Television watch

"Already, the science fiction writers' dream has become a reality with the wristwatch TV from Seiko - again, it will be around a year before it appears in shops in the UK."

This appeared on Tomorrow's World at the time. It was underwhelming. From what I remember, the aerial and batteries were stored outside the watch, in a small box that was kept in a shirt pocket. And the picture quality was very poor. It did however reach the market, and remains a cult 80s consumer tech item nowadays, like Sinclair's 'Black Watch' or the Fisher-Price 'PXL-2000' video camera (which used audio cassettes to store footage and had a ghostly, grainy image quality).

Tiny LCD televisions became affordable at the turn of the 90s, although they had the same problems as the television watch above - reception was poor, battery life was limited, and whereas radio is divided into bite-sized musical chunks, it's not comfortable to watch half-hour / hour-long television slots on a screen the size of an apple. MTV might be appropriate, but that's only available via satellite and cable.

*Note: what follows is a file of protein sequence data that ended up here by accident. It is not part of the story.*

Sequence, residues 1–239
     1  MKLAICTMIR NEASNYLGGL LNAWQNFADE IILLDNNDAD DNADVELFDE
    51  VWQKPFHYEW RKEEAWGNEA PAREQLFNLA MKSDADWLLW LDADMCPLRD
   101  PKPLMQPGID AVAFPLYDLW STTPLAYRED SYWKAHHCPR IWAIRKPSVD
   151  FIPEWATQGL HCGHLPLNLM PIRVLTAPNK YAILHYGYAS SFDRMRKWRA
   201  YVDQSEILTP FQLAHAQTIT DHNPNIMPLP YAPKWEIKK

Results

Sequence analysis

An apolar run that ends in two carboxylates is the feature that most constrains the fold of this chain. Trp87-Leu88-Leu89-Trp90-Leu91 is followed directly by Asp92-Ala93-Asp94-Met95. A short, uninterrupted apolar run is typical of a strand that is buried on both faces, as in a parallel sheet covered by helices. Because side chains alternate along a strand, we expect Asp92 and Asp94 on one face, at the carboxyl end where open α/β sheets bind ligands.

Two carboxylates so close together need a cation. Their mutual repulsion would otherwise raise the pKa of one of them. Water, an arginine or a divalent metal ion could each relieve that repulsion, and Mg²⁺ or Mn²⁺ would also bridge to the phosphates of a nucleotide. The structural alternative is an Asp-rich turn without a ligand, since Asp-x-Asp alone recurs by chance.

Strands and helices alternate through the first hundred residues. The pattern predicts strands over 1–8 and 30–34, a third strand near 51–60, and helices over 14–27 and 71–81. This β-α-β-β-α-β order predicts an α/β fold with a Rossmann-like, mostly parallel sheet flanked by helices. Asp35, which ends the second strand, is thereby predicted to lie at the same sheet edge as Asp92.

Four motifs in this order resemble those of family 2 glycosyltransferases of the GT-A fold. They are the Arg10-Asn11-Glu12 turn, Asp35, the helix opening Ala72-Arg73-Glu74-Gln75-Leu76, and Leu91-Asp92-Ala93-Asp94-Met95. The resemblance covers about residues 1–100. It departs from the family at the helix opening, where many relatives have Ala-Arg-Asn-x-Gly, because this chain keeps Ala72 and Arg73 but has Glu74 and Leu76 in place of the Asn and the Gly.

Nowadays the big news in television technology is the full-sized flat-panel LCD display. Sinclair and other companies were convinced that they were on the verge of marketing such devices in the early-80s - in reality, a 21" widescreen LCD television costs over 5,000 in 2001, and, in 1983, the market for such a thing would have been restricted to NASA, JPL, Strategic Air Command, and perhaps the US Navy, for use in submarines.

(c) Ashley Pomeroy 2001